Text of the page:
Jordan: We need $2.9 billion for refugees

Published December 5th, 2014 - 07:29 GMT
Jordan's Zaatari camp is home to thousands of Syrian refugees. (AFP/File)
Jordan's Zaatari camp is home to thousands of Syrian refugees. (AFP/File)

Jordan on Thursday stressed its commitment to supporting Syrian refugees on its territory, but warned that the same level of support might not be sustained if there is no sufficient funding.

Minister of Planning and International Cooperation Ibrahim Saif said: “We would like to stress Jordan’s commitment to protecting and providing all that it can to our Syrian brothers and guests, and unless a major increase in the support provided by donors is secured, Jordan will not be able to sustain the same level of support for Syrians.”

He added that Jordan alone cannot shoulder the burden required to ease and mitigate the negative impact of the crisis that is stretching Jordanian resources to the limit and “the ability of the country to sustain the development gains that we achieved during the past decades”.

The minister’s remarks came at a meeting with donors and international agencies, where he announced the endorsement of the country’s $2.87 billion Jordan Response Plan (JRP) that seeks to address the repercussions of the Syria crisis on the Kingdom for the year 2015.

The appeal in the response plan covers a programme of targeted interventions to assist both refugees and Jordanian host communities, totalling $889 million and $ 916 million respectively. The plan also appeals for $1.06 billion in direct budget support to compensate the government for a range of other budgetary costs and revenue losses incurred as a direct result of the crisis, including additional subsidies for Syrian refugees, increased security costs and accelerated infrastructure depreciation.

The 2015 response plan seeks to consolidate all major national and international efforts to address the impacts of the Syria crisis on Jordan and is the first nationally led effort of its kind that helps to implement sustainable service delivery systems to better and more effectively meet the needs of both refugees and the Jordanian communities hosting them, according to the minister.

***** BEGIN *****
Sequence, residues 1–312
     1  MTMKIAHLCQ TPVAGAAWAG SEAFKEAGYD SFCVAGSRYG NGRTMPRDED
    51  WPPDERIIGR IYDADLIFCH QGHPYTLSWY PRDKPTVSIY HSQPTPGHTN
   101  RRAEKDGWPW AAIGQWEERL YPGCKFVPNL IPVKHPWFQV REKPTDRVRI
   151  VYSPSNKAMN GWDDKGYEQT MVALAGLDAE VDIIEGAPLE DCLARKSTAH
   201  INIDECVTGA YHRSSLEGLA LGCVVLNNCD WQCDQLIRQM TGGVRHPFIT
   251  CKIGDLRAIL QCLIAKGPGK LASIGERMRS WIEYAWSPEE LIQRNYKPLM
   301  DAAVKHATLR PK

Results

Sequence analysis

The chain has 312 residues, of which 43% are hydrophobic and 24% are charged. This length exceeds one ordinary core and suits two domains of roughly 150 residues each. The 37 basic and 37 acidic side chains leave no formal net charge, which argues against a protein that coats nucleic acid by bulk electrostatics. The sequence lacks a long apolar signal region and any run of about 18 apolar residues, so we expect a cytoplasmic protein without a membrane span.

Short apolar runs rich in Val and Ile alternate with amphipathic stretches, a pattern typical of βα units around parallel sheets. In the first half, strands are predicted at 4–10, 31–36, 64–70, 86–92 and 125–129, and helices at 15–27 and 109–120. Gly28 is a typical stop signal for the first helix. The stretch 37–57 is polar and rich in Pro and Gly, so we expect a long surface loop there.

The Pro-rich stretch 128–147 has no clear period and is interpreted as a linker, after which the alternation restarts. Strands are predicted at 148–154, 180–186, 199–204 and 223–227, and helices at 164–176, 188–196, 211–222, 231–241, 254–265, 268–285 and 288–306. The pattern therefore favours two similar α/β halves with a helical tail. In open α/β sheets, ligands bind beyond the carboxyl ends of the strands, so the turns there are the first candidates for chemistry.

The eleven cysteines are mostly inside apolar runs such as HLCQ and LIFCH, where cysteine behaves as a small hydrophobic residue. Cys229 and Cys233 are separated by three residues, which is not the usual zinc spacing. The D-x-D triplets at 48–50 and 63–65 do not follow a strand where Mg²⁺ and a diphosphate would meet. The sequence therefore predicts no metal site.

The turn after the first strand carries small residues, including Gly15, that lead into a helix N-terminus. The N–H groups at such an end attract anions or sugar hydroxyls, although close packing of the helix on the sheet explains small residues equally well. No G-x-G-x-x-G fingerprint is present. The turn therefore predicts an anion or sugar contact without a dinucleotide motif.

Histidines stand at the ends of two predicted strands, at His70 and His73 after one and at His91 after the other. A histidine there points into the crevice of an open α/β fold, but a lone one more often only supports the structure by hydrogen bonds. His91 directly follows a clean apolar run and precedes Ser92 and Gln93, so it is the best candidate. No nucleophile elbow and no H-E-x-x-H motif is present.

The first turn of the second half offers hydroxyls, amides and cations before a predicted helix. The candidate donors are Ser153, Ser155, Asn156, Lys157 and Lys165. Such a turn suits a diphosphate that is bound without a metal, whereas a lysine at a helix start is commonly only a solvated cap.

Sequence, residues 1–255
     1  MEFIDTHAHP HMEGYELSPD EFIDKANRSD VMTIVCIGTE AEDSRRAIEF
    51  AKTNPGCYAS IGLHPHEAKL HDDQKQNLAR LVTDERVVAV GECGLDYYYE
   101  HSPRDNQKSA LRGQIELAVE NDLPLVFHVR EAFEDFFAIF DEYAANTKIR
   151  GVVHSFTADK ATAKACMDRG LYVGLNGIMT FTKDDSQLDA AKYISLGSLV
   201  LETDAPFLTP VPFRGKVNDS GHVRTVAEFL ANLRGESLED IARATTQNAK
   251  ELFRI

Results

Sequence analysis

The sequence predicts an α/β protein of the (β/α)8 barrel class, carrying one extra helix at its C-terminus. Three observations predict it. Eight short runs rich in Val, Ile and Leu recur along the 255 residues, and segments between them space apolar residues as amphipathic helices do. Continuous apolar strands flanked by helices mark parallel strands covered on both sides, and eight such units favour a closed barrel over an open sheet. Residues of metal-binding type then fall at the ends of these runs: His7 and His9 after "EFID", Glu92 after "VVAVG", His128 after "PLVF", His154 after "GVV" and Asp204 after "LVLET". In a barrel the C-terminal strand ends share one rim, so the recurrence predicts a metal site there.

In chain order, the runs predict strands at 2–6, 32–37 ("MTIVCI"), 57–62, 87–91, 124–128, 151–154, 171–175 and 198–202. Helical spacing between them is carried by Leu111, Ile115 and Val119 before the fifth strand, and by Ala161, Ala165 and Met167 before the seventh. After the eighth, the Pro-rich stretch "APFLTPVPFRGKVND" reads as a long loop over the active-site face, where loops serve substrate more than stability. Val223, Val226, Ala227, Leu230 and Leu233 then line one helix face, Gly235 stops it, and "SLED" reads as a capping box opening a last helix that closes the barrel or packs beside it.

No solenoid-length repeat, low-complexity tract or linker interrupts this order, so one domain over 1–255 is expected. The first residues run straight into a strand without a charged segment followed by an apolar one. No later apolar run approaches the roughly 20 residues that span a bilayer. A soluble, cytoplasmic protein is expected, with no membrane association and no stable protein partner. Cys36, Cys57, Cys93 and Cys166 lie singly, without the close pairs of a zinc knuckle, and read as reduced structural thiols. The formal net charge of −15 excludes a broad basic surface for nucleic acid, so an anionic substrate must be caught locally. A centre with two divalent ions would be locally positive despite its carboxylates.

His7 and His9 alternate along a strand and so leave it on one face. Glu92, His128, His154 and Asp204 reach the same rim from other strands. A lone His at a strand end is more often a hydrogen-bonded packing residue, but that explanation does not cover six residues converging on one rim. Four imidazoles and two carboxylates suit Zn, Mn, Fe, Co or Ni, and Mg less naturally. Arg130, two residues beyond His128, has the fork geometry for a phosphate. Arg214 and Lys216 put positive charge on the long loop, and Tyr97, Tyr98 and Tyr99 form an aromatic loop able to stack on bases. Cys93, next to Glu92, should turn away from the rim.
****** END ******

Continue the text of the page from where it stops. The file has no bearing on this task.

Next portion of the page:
“This is a comprehensive and thorough plan based on a detailed need assessment review and prioritising projects and interventions defined by consensus of all stakeholders,” the minister said.

Addressing donors and international agencies, Saif added that the plan is open for all actors and the government will not describe which stakeholder will undertake any particular activity.

“Once funding is secured, it is left to donors to determine and decide which agency is going to implement a given project,” he explained.

Speaking at the event, the United Nations Resident and Humanitarian Coordinator in Jordan Edward Kallon stressed UN commitment to supporting Jordan in implementing the JRP.

“In 2015 we will… commence on a new chapter where support to refugee and host communities will work under one nationally led plan,” Kallon said.

However, UN agencies themselves are short of fund and the United Nations World Food Programme this week announced the suspension of its direct food assistance programme. The suspension will affect 1.7 million Syrian refugees in the region with 440,000 of them in Jordan.

Jordan is currently host to more than 1.4 million Syrian nationals, of whom 646,700 are registered refugees, while 750,000 were living in the country before the crisis, which broke out in March 2011. Approximately 85 per cent of Syrians have settled outside camps, mainly in Amman, Mafraq, Irbid and Zarqa.

According to the Planning Ministry, the JRP reconciles programming objectives, funding mechanisms and operating systems that often run parallel to each other in addressing short-term people-centred needs and medium- to long-term institutional considerations.

It adopts a resilience-oriented programming approach to first ensure that shocks and stresses do not lead to a long-term deterioration in well-being of a particular individual, household, system or institution; and second, to build capacity to absorb future shocks and deal appropriately with related stresses.

The plan covers 11 sectors: education, energy, environment, health, justice, livelihoods and food security, local governance and municipal services, shelter, social protection, transport, and water, sanitation and hygiene.

The JRP 2015 was developed under the overall supervision of the committee overseeing the response plan, led by the Planning Ministry. The panel brings together government representatives, donors and UN agencies to ensure an effective and coherent response to the multifaceted challenges faced by the country as a result of the Syrian crisis.

By Khetam Malkawi

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